Paramotor Review: 2010 Parajet
Flown 05/27/2010, Reviewed Nov 30, 2010, Photos by Jeff Goin
Sorry this review took so long, hopefully I'll
get another flight on the machine to update my impressions. I voice
recorded some notes after the flight but they're very limited.
Parajet continues to innovate with their newest rotary engine
machine, the Cyclone 160. The unit I flew at Beach blast had literally
just arrived from England and, sadly, was damaged in shipping.
But British competition pilot Dean Eldridge worked enough magic to mend
it. Good thing,
too, since I was thrilled to take it for a spin.
Parajet's sizes and names can be a bit confusing. There are three cage
sizes, Micro (small), Compact (medium) and Macro (large). There are two
engines, the single-cylinder 22 hp, 172 cc Volution, which is descended
from the DK, and the Rotron which comes as a 160 cc 25 hp or 294 cc 40
hp rotary. John Ericson of ParajetUSA, the machine's US importer, gave
me the details.
My flights were on an 80°F day with 12 mph worth of wind, making ground handling and launch a breeze. I was on my 22 meter Spice wing.
Weight: It's about like a Black Devil machine. I didn't have a scale but it
was quite manageable for my 145
Harness & Suspension: The harness was comfy and had sufficient
adjustments. It's a low hook-in style with riser offsets on both sides
to help reduce torque. It's quite tilted back in its normal
configuration but, by moving the hook-ins aft, you can reduce the lean
back from its 20 to 25 degrees to maybe 15.
Starting (-): Electric start. Gotta love the push of a button.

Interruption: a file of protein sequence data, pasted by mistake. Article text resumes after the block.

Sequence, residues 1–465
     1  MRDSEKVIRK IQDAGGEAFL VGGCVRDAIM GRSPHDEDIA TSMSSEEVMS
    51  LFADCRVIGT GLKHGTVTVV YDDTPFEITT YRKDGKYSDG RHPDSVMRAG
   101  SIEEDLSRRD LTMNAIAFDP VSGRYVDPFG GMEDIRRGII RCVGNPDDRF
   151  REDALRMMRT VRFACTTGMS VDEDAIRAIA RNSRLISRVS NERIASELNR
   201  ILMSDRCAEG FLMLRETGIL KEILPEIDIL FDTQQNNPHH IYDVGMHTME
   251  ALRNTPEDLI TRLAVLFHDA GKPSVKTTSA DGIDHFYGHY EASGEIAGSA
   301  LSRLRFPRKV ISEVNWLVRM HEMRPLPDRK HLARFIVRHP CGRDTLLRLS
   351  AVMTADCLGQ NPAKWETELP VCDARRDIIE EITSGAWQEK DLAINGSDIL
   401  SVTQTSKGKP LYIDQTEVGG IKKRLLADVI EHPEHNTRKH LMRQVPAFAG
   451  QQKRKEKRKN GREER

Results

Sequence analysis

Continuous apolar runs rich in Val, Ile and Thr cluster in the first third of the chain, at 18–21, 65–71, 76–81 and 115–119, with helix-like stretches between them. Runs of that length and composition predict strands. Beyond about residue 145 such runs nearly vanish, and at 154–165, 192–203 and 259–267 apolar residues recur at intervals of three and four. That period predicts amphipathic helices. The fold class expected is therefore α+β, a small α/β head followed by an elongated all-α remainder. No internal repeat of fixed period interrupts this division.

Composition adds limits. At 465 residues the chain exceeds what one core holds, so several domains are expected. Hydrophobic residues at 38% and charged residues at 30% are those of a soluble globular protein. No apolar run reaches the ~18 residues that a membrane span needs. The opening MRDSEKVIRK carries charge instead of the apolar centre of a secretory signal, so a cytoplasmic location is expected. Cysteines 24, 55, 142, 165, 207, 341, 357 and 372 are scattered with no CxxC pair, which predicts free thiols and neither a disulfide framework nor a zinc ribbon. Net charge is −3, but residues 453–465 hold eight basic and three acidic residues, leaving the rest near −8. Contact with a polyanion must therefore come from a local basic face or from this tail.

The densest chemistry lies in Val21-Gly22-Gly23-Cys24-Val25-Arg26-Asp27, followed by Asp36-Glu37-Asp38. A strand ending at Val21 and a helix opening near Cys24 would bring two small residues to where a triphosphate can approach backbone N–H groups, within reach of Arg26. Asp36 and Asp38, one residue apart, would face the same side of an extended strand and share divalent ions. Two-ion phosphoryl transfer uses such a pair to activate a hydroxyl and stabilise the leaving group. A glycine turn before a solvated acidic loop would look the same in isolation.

Ground Handling & Kiting (-): Similar to other low hook-in
machines. Tends to pull you back a bit as the wing lifts which is common on
ANY machine that is tilted back in flight (even high hook-in machines). Not
uncomfortable if done for short periods as you would expect for motor
Launch (-): Standard. Nothing noted.
Climbout (-): No problem getting into the seat.
Flight (-): Quite comfy.
Weight Shift (-) Very good as you would expect from a machine
with articulating arms but does have some fore/aft tilt with power
changes. Might be better, I suspect, if the frame hinge point was higher
and the arms more of a goose neck shape.
For the power it's well managed. They use two riser offsets to less then
affect of offset thrust. Climbout at full power was not a problem.
Thrust (-): Very good, probably equivalent to a strong Black Devil
172 with large diameter prop and a bit stronger than the normal black
devil. We'll have to weight for thrust tests.
I didn't get to test fuel burn.
VERY SMOOTH. This was among the top 2 smoothest machines I've flown to date, essentially tied with
a Pollini that I flew earlier. You'll LOVE this.
Sound (-): Average.
Safety (-): The cage is quite rigid but there are large openings
where it might be possible to get an errant hand or brake toggle
through. This would be more likely for a pilot getting into his seat or
if the machine was adjusted to be hanging more vertical.
Frame and cage strength is high, above average due to the welded
cage, and so there should be somewhat less likelihood of having the prop
hit the cage in a fall.
It's extremely well-built with a welded aluminum frame and cage. Nice
fit and finish--this is among the best looking machines out there. There
is no netting, instead, rigid tubes serve as the cage.
Reparability/Maintenance (-): You'll need an aluminum welder for repairs
but it should be straightforward. It is water cooled so there is always
the possibility of extra maintenance items but it's also possible that
the engine runs at cooler, more consistent temperatures, and has fewer
Transport (-): The cage comes apart easily leaving only the
center frame piece which is more compact than most. It should be pretty easy to ship that part with a
good-sized box. Depending on your chosen cage size it should be easy to
transport even in a minivan or car trunk.
Cost: Please visit
www.ParajetUSA.com for cost information.
Powerful, very smooth and comfortable -- good for an experienced flyer or someone who
doesn't mind learning on a low hook-in articulating arm machine.